My Favourite Western Movies


Shutterstock / FotoArtist Stockphoto © western movies

You can’t beat a good Western movie. From the 1930s through to the 1960s, Westerns were staple viewing for many film fans. Though its popularity has waned in recent years, it’s a genre that has endured due to its uncomplicated storytelling.

This tends to be down to the characters; individuals or small groups whom the viewer can quickly relate to – whatever the adversity facing them.

Here are two of my favourite Westerns.

“Shane”, 1953

Alan Ladd plays the unassuming gunslinger, Shane, who is looking for a peaceful life. He befriends the Starrett family, who are farmers, and in particular he is idolised by young Joey Starrett. This put Shane at odds with greedy cattleman Ryker, and his hired gunman, Wilson, played by the commanding Jack Palance.

Shane and the Starretts are plainly decent, law-abiding people, whereas Ryker and Wilson are old-style nemeses, with little in the way of redeeming qualities. In a Western, cards are often on the table regarding a character’s intentions from the start.

In the film, you root for the underdog. You know Shane is good with a gun, but you also know he’s trying to put the past behind him. An admirable trait in the volatile Wild West.

It’s a feel-good movie, too, pulling on the heartstrings. Is Shane truly happy? And what does it mean to be a real man – doing what’s right for yourself and others?

“Dances With Wolves”, 1990

Lieutenant John Dunbar is in sole command of a military outpost on the Western frontier, where he befriends a wolf and, ultimately, a tribe of Lakota Native Americans. Dunbar slowly adapts to his isolated, rudimentary life, he and the Lakota gaining respect for one another.

As well as playing Dunbar, Kevin Costner directed and produced the film.

I like the slow, deliberate pace of the film. It’s a long movie – just over three hours. But some stories you can’t rush, and like a substantial novel, it takes time to explore character development.

The South Dakota backdrop makes for fascinating cinematography, the landscape adding to the richness of the storytelling.

Similar to “Shane”, it’s good versus bad, and it breaks down stereotypes, showing the viewer that civilization and respect are inherent to each other.

Both “Shane” and “Dances With Wolves” were adapted from novels, which highlights the value in creating immersive characters with identifiable human traits. Uncomplicated storytelling at its best.


For more from “The People’s Friend” team, click here to read our blog.

Alan Spink

I am a member of the “Friend” Fiction Team. I enjoy working closely with writers and being part of the creative process, which sees storytelling ideas come to fruition. A keen reader, I also write fiction and enjoy watching football and movies in my spare time. My one tip to new writers is “write from your imagination”.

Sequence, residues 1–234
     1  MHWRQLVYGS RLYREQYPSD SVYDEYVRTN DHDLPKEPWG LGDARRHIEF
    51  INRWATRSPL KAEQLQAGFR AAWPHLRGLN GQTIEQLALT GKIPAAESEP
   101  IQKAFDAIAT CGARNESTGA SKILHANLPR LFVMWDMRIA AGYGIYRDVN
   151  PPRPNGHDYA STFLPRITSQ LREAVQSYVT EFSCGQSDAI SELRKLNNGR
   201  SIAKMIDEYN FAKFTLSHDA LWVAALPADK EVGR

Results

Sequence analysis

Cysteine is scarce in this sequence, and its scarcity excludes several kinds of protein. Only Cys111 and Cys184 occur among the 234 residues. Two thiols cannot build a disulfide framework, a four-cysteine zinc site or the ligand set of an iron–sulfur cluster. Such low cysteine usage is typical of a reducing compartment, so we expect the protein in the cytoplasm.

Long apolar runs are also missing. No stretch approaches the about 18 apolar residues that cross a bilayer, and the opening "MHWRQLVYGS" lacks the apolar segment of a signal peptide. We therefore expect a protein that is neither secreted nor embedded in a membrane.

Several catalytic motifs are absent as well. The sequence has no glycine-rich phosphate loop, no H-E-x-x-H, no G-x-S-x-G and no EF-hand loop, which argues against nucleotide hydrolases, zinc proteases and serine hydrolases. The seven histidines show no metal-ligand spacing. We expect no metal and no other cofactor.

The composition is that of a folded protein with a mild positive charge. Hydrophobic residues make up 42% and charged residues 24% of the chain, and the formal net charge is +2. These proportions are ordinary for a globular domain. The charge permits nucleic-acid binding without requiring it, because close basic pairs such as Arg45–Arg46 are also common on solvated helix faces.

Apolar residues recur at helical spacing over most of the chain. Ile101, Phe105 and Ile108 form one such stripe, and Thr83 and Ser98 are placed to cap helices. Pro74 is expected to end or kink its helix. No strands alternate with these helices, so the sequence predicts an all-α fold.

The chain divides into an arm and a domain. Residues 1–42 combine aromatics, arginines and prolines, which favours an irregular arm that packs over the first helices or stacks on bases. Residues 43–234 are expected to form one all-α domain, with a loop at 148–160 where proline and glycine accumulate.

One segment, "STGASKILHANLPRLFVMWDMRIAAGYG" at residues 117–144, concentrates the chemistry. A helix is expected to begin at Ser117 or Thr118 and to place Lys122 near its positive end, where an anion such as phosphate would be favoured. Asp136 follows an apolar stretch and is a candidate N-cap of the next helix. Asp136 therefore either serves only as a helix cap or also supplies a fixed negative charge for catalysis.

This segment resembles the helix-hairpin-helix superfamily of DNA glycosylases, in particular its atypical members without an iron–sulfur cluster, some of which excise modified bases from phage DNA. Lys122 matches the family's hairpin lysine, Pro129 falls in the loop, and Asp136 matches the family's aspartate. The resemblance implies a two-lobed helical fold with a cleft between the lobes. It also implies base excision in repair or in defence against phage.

My Favourite Western Movies

Shutterstock / FotoArtist Stockphoto © western movies

You can’t beat a good Western movie. From the 1930s through to the 1960s, Westerns were staple viewing for many film fans. Though its popularity has waned in recent years, it’s a genre that has endured due to its uncomplicated storytelling.

This tends to be down to the characters; individuals or small groups whom the viewer can quickly relate to – whatever the adversity facing them.

Here are two of my favourite Westerns.

“Shane”, 1953

Alan Ladd plays the unassuming gunslinger, Shane, who is looking for a peaceful life. He befriends the Starrett family, who are farmers, and in particular he is idolised by young Joey Starrett. This put Shane at odds with greedy cattleman Ryker, and his hired gunman, Wilson, played by the commanding Jack Palance.

Shane and the Starretts are plainly decent, law-abiding people, whereas Ryker and Wilson are old-style nemeses, with little in the way of redeeming qualities. In a Western, cards are often on the table regarding a character’s intentions from the start.

In the film, you root for the underdog. You know Shane is good with a gun, but you also know he’s trying to put the past behind him. An admirable trait in the volatile Wild West.

It’s a feel-good movie, too, pulling on the heartstrings. Is Shane truly happy? And what does it mean to be a real man – doing what’s right for yourself and others?

“Dances With Wolves”, 1990

Lieutenant John Dunbar is in sole command of a military outpost on the Western frontier, where he befriends a wolf and, ultimately, a tribe of Lakota Native Americans. Dunbar slowly adapts to his isolated, rudimentary life, he and the Lakota gaining respect for one another.

As well as playing Dunbar, Kevin Costner directed and produced the film.

I like the slow, deliberate pace of the film. It’s a long movie – just over three hours. But some stories you can’t rush, and like a substantial novel, it takes time to explore character development.

The South Dakota backdrop makes for fascinating cinematography, the landscape adding to the richness of the storytelling.

Similar to “Shane”, it’s good versus bad, and it breaks down stereotypes, showing the viewer that civilization and respect are inherent to each other.

Both “Shane” and “Dances With Wolves” were adapted from novels, which highlights the value in creating immersive characters with identifiable human traits. Uncomplicated storytelling at its best.


For more from “The People’s Friend” team, click here to read our blog.

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